Tag Archives: Morality

Business VS. The Moral Code

Everyone has heard the term “this is business” to imply that questionable or even hurtful actions taken in relation to financial issues do not count and can be excused because they are for the benefit of progress.  Even if this theory could work in some instances, it is the reality that the words fall short of what the phrase intends.  When it comes to real life any actions taken have ramifications regardless of how an individual decides to justify them in their mind.  An Enemy of the People displays this perfectly in relation to the Stockmanns and the decisions they make regarding the Baths.
Peter and Dr. Stockmann offer excellent opposing ideas to the issue of following a moral code when a business or financial situation could be at risk.  Peter decides that regardless of who may suffer it is more important to put the businesses and the town’s economic situation ahead of health issues and is in favor of keeping vital information from the public.  The doctor though, following his moral code, despite his brother’s and the towns attempts to “degrade me, to make a coward of me, to force me to put personal interests before my most sacred convictions.” (Ibsen 35), decides to be honest and tell the public the truth.  This is an important contrast that is shown throughout the play, especially when Dr. Stockmann is socially ostracized for doing what is truly right and informing the public that the Baths are dangerous.  Dr. Stockmann does not believe that a financial end will justify the means of putting many people in danger, whereas his brother is confident that protecting the economic standing of the town is too important and trumps the safety of the people.  Although it is business, there is still a serious divide as to whether or not that fact can justify actions as serious as public health.  This play presents the never ending battle between doing what is easy and beneficial versus doing what is right and forces the reader to explore his or her own feelings.

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Political Morality – What is right?

When reading An Enemy of the People, I can’t help but notice the constant question of what is right when it comes to the decisions to be made by the people in charge of the town. From the very beginning, there is a disagreement about whether the baths should be closed, posing the question of who should be sacrificed, those who come to the baths for healing or the entire town. As the play progresses the question turns into if it is right to sacrifice Dr. Stockmann for the good of the town. More simply, this play is a question of sacrificing a few for the good of the whole.

Ibsen often wrote about current social issues, and the question posed in Enemy of the People was definitely current to him. Leading up to the 1870s, there was great political shifts in Europe, which included the movement from autocratic monarchies to forms of government that empowered the citizen. Many political leaders at the time believed in Utilitarianism, which is a philosophical school that preaches the greatest good for the greatest number. I feel like Ibsen wrote this play to challenge this philosophy, because you have someone who is advocating the greatest good for the greatest number (Peter Stockmann) even though he is covering up the truth.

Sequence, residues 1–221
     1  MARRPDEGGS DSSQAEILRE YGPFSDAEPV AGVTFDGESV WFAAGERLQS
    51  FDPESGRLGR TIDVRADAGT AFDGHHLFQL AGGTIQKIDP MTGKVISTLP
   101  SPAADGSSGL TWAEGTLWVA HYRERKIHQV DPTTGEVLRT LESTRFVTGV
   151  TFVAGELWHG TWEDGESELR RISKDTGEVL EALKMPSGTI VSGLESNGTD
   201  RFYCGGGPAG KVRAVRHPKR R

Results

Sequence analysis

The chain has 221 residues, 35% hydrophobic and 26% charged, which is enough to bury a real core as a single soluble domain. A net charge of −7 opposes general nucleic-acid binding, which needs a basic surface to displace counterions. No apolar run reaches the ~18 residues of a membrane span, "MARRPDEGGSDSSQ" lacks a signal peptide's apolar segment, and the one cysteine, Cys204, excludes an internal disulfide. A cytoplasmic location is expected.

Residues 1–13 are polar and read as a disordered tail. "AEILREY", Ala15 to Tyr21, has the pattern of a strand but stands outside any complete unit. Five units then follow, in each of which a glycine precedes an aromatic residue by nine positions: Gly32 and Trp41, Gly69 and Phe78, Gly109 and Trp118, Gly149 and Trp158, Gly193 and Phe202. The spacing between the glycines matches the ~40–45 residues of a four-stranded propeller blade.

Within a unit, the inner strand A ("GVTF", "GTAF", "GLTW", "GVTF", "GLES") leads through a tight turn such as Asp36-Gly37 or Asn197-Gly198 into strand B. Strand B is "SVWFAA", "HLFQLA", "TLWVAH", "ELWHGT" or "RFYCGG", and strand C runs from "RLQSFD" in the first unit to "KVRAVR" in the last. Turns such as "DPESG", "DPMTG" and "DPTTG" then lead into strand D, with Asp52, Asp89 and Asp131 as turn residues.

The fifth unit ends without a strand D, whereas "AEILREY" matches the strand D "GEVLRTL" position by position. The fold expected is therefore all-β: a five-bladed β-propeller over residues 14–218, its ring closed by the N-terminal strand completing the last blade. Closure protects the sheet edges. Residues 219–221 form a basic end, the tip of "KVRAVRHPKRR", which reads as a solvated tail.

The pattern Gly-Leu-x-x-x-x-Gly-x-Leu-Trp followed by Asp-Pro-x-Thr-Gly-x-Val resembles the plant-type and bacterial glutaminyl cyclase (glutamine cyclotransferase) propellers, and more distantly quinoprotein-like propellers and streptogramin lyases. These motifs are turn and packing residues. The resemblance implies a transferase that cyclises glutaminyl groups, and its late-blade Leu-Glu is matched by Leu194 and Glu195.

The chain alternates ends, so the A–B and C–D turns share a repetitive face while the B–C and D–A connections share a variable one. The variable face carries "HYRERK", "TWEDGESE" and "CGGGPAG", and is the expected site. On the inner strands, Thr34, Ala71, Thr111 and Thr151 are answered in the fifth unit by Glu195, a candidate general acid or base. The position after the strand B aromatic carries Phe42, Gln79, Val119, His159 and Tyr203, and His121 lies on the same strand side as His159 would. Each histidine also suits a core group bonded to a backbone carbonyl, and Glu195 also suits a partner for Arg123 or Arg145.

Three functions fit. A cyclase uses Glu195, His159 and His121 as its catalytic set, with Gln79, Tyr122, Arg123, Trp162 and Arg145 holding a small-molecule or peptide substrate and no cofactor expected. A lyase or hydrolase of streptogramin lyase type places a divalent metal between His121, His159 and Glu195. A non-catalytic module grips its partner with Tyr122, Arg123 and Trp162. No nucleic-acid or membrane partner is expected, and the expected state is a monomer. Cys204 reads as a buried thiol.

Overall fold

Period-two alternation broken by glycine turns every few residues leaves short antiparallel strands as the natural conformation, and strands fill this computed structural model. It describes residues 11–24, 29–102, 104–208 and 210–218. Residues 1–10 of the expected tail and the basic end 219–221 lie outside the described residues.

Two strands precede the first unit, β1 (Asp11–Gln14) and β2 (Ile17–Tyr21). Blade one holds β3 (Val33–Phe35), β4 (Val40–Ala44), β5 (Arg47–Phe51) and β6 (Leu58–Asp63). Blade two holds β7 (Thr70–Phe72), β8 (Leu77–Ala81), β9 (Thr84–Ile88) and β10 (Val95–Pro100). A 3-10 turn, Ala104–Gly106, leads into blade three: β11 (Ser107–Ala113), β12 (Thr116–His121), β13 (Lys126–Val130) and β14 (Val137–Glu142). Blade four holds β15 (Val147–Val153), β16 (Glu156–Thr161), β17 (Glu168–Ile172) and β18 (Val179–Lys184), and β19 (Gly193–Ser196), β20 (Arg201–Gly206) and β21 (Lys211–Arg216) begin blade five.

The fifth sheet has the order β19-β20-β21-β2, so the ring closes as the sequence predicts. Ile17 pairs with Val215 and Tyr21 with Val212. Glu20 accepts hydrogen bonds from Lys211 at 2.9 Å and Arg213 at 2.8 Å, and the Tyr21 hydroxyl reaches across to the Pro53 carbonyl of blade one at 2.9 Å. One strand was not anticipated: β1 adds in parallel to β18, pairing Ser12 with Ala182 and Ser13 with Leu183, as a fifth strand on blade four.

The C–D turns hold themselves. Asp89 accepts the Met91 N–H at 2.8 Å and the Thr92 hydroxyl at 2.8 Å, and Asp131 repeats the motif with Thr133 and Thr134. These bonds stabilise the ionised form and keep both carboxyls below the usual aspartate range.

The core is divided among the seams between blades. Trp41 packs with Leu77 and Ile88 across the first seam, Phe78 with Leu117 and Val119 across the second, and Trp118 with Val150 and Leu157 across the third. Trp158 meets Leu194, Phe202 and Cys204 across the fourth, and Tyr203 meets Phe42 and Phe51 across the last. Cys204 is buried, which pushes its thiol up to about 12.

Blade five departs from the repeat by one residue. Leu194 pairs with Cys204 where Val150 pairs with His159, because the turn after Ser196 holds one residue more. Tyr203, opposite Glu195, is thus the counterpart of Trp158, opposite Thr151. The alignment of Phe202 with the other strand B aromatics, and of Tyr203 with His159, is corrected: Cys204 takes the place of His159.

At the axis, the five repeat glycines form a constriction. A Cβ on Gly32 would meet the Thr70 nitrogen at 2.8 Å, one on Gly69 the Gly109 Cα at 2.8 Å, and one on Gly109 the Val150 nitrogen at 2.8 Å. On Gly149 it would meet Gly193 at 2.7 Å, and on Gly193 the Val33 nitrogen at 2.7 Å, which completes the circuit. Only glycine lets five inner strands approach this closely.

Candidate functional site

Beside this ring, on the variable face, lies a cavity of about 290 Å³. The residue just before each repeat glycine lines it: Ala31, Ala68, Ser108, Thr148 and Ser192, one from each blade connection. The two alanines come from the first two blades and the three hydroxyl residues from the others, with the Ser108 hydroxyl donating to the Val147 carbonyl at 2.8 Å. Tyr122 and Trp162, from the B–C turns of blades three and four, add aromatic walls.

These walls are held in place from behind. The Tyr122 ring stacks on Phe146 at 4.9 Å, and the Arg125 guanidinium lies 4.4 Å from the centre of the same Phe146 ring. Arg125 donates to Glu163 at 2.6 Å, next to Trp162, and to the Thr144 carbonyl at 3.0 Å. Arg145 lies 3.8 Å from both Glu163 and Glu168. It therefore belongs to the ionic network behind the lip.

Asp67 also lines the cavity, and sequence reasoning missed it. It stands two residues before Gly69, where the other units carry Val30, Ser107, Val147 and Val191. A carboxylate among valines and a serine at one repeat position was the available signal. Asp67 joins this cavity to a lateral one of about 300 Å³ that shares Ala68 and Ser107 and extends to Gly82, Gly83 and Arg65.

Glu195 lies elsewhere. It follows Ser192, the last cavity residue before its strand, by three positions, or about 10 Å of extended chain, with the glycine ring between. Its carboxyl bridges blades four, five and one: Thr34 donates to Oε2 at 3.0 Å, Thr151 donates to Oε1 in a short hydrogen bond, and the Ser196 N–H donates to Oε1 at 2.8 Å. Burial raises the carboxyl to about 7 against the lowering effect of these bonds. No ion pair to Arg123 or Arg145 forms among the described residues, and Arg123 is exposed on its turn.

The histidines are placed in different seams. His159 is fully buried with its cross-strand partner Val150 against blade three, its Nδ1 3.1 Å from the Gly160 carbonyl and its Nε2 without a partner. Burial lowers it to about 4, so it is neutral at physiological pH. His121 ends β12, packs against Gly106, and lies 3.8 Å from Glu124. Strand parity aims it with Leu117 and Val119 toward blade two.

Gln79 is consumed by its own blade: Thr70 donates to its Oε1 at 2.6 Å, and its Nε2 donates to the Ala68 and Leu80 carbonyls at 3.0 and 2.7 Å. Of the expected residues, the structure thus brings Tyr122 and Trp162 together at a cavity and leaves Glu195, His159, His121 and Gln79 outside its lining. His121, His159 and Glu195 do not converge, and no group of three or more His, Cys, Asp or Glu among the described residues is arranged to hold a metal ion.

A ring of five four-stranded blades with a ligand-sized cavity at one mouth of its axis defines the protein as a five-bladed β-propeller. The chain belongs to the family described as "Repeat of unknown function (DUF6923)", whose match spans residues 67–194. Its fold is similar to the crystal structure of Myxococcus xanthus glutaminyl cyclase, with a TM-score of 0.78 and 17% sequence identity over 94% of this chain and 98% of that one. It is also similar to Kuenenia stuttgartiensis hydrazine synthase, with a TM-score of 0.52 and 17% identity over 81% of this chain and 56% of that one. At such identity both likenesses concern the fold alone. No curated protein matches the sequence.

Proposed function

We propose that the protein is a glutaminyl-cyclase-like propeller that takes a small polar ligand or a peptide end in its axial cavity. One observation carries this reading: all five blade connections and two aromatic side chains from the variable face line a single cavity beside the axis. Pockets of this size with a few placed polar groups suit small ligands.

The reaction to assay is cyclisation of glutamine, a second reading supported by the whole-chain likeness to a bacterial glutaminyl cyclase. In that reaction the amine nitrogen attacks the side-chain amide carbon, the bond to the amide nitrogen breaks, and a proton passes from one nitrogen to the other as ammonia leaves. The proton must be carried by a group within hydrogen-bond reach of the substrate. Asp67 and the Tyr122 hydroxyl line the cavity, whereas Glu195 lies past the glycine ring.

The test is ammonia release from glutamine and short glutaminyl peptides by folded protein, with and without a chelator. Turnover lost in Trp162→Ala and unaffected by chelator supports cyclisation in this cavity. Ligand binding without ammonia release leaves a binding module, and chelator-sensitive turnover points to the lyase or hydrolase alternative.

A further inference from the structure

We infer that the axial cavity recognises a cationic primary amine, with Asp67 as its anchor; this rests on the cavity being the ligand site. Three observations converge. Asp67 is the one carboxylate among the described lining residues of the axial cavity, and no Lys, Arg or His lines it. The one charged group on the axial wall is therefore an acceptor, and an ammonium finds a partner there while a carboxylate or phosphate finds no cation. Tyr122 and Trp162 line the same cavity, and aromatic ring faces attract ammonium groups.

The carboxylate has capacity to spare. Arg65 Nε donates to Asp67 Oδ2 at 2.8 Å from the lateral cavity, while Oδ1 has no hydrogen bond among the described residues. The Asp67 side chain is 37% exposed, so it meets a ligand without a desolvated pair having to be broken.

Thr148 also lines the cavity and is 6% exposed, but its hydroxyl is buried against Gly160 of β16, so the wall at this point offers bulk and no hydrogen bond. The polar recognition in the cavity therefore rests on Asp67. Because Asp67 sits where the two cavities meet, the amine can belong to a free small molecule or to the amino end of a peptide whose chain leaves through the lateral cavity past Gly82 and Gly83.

As Dr. Stockmann begins his fight for what he believes is right, he says “They have tried to rob me of my most elementary rights as a man……. they have tried to degrade me, to make a coward of me, to force me to put personal interests before my most sacred convictions.” (Ibsen 35) Here he is saying that by trying to cover up the truth, Peter was depriving his brother of the most basic rights, his freedom to think and to speak his mind. Obviously Thomas did not subscribe to the Utilitarian philosophy, and he is constantly challenging it with his pursuit of the truth. Ibsen, however, does not answer explicitly state what the right thing to do is in this play, so we must read and decide for ourselves.


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Alienation as a Result of Family Loyalty vs. Morality

Although there are many themes in An Enemy of the People, the one that was most prevalent to me was the issue of family loyalty vs. morality and it’s role of alienation in a community.

Dr. Stockmann is left with a difficult choice of letting the people know about the contaminations of the baths or keeping it hidden in effort to protect his job, family, and reputation. At a time when the idea of bacteria wasn’t very accepted, Dr. Stockmann decides to stay loyal to his findings and tell the people that the baths are contaminated. After he tells the town, they declare him an enemy of the people.

Once declared an enemy, Dr. Stockmann is alienated from their town, as well as the rest of his family and Horster. The children get kicked out of school, Dr. Stockmann loses his job, and Horster is fired from his job as captain of a ship. Even though Dr. Stockmann did what was morally just in his point of view, the town sees that he is an enemy. His brother, Peter, only adds to the furry by siding with the public due to the fact that Dr. Stockmann has gone against family loyalty and the baths without evident “proof”. Dr. Stockmann is alienated from his community due to the fact that everyone around him has similar ideals to his brother in saying, “We dared not do otherwise on account of public opinion.” (Act 5).  To me, An Enemy of the People shows how the issue between family loyalty and doing what’s right don’t always lead to the same resolution. This play teaches a valuable lesson of standing up for what you believe in, regardless of circumstance.

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